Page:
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“Action may not always bring happiness; but there is no happiness without action.” — Benjamin Disraeli

 

Even though laziness is quite common and a part of life, it has the potential to completely consume us. I had times where laziness caused me to feel trapped. No matter what I did, I cannot seem to shake it off. I felt tired and sleepy during the day, sat around watching drama a lot and felt unable to be active, avoided doing anything productive and put things on hold that I wanted to accomplish.

Not only me, but many other (highly) active and productive people identify themselves as ‘lazy’ because they spend free time to relax or they still have some unfinished projects. In the nowadays cult of ‘busy’, doing things you enjoy has become a serious sin. So, it’s easy to convince yourself that you’re not focused, productive, or active enough.

 

Remove “Lazy” From Our Vocabulary

Psychologist Leon F. Seltzer advised in Psychology Today that we need to consider removing the word “lazy” from our vocabulary entirely. Or, at least, avoid using it to describe someone’s entire personality. Seltzer further explained that, although we may lack self-discipline or motivation, disguising those problems as “laziness” only makes it harder to work on solutions.

He concluded that by using laziness as an explanation of human behaviour is practically useless. Referring to, or disapproving, or dismissing, a person as lazy is a simplified way of judgment for a person’s seemingly disinterest or inactivity. In addition, resorting to this term to categorise a person reflects more on the part of the describer than the person described.

 

We are not what we think, or what we say, or how we feel. We are what we do.” — Gordon Livingston

 

Identify The Underlying Issue

To identify what your actual issue is, it’s best to start tracking how you spend your time. Like me, you can simply use a spreadsheet and write down what you do every hour, for a week or two. Once data is gathered, break it down into the following three categories I sometimes identify myself with.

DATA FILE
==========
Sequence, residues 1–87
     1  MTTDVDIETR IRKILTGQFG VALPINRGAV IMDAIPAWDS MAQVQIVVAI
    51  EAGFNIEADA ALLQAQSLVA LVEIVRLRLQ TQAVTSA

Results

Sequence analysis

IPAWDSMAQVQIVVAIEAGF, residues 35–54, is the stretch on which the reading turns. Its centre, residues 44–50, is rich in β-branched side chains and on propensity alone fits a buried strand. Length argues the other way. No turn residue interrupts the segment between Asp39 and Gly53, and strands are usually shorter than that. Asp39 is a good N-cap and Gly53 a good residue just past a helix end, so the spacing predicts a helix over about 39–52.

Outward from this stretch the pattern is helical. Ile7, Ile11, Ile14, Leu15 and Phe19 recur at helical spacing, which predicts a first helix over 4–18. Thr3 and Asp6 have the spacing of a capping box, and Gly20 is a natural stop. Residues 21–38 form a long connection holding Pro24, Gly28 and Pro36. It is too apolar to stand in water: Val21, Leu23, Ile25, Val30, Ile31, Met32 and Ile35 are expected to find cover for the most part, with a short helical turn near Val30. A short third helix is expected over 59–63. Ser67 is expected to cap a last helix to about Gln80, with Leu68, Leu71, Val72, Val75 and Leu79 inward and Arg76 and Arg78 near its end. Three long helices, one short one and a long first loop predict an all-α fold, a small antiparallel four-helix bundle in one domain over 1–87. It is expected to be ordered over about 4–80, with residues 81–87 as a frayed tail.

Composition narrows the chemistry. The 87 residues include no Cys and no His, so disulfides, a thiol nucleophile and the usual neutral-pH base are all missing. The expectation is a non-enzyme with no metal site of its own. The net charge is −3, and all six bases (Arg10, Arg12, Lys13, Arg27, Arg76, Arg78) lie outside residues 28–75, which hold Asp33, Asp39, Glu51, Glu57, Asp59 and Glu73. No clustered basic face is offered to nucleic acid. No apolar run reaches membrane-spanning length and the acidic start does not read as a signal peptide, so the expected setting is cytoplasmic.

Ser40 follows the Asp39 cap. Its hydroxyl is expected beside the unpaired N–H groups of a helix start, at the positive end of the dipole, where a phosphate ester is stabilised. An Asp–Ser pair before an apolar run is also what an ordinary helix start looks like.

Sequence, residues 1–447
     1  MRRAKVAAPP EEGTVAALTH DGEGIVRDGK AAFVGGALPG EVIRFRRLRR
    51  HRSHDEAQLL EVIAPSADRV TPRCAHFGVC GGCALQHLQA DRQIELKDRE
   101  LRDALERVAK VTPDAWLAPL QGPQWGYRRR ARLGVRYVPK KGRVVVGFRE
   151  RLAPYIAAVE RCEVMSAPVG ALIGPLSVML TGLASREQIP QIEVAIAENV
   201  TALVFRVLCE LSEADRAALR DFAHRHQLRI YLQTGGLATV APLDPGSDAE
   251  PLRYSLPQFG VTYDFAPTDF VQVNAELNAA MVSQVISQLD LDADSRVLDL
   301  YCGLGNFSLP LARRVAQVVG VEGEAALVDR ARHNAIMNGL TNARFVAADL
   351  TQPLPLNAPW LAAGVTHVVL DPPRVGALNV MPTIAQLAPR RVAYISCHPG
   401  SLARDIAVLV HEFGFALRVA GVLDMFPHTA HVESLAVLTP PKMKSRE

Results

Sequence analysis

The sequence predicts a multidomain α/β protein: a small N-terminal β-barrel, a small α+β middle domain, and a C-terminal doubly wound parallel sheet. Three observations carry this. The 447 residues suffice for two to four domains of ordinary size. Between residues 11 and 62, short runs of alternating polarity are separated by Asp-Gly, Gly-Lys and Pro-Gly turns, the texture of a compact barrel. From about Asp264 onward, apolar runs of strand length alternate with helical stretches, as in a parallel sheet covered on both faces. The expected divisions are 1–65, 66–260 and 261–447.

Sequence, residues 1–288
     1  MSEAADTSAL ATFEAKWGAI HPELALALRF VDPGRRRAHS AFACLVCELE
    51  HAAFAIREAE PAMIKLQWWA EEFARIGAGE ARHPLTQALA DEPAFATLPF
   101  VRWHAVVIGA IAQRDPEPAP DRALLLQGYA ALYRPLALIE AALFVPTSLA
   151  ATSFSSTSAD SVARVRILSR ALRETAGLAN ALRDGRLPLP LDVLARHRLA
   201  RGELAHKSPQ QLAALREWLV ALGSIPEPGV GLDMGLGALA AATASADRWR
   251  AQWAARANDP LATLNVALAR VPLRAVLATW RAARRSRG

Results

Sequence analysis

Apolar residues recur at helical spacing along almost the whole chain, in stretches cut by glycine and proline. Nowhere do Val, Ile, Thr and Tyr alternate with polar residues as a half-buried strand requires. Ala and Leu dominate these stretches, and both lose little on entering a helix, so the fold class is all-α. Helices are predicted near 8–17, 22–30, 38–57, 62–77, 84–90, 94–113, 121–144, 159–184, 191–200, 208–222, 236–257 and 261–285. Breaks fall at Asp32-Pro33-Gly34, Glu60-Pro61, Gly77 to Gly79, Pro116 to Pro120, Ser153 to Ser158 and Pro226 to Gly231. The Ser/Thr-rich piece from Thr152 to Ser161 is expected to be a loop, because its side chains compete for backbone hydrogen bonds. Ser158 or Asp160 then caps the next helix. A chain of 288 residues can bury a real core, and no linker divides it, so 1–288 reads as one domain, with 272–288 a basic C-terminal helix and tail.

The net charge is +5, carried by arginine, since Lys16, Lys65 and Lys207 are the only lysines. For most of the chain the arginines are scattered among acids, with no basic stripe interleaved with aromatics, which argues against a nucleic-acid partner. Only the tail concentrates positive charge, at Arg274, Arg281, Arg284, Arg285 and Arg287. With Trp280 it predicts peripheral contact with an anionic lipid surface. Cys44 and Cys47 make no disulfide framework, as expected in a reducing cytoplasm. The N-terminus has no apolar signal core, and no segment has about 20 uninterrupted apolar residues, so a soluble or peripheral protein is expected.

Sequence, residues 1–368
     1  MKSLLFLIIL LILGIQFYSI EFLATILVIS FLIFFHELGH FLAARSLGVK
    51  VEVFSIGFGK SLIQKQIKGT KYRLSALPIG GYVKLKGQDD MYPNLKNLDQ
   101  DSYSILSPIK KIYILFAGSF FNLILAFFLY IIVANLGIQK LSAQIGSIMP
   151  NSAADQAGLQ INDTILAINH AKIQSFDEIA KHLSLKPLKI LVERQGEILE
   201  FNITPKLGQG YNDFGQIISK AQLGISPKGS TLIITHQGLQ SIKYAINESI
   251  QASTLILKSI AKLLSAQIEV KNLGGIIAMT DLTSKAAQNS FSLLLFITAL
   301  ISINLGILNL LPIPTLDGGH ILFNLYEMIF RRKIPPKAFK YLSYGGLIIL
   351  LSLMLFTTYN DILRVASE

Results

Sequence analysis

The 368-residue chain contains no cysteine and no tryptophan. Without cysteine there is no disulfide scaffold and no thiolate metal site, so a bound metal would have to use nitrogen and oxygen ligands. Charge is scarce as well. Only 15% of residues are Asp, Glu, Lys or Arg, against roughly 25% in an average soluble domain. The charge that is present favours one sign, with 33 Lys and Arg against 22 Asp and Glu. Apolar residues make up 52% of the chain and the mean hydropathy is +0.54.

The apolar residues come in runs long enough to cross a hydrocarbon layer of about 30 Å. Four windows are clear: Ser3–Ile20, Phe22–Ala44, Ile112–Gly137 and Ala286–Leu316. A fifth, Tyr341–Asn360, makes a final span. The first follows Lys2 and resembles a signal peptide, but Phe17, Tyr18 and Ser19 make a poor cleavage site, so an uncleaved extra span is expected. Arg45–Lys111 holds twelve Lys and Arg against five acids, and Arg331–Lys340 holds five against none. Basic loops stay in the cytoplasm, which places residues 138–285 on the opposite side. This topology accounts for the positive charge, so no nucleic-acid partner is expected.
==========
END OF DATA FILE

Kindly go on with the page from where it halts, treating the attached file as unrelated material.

1. Motivational Issues

If data shows that your schedule is empty, or most of your time is spent on sleep or any other activities except your goals, motivation could be the problem. Motivation is the drive to get you started, and problems with motivation can range from not knowing what to do with your life to battling depression.

In my other article ‘Motivation Only Gets You Started, It Won’t Keep You Going‘, I explained why only being motivated isn’t enough, and how the habit of self-discipline plays a bigger part in accomplishing life goals. This brings me to my next point.

 

2. Self-Discipline Issues

If data shows that your schedule is packed, but you’re not getting as much done as you planned to do in that time, you may have a self-discipline problem. Procrastination is taking over your life and even the smallest things will take your mind off your work. Solutions may involve removing distractions or embracing the uncomfortableness and awkwardness.

In my other article ‘Building The Bridge Between Goals and Accomplishments‘, I have discussed the importance of self-discipline in more details with some tips.

 

3. Setting Unrealistic Expectations

If your schedule is packed and you’re getting a lot done, but you still feel lazy, your problem could be that you’re being too hard on yourself. We all want to get stuff done, but don’t forget to slow down occasionally.

Eventually, how you deal with “laziness” will depend on what the underlying issues are. No matter what, you’ll need to adopt any solution to your specific needs. Take time to examine your own weaknesses and come up with a plan that works for you.

 

“Growth begins when we begin to accept our own weaknesses.” — Jean Vanier

 

Value Your Work

The irony of our ‘busy’ culture is that we often hate our work. As strange as it may sound to some of you, work can be enjoyable and rewarding, even if you don’t find your mythical dream job.

Learning to appreciate the value of work for its own sake is a skill that takes time and practice to develop. However, your mindset about work will have a drastic effect on how much work you get done. The quickest way to get more done is to look forward to doing it and value the work that you do.

 

“The value of the work we do is the value we give to it.” — Christopher Moore

 

  • When do you feel 'lazy'? 
  • Is there an underlying issue?
  • Do you value your work?

 

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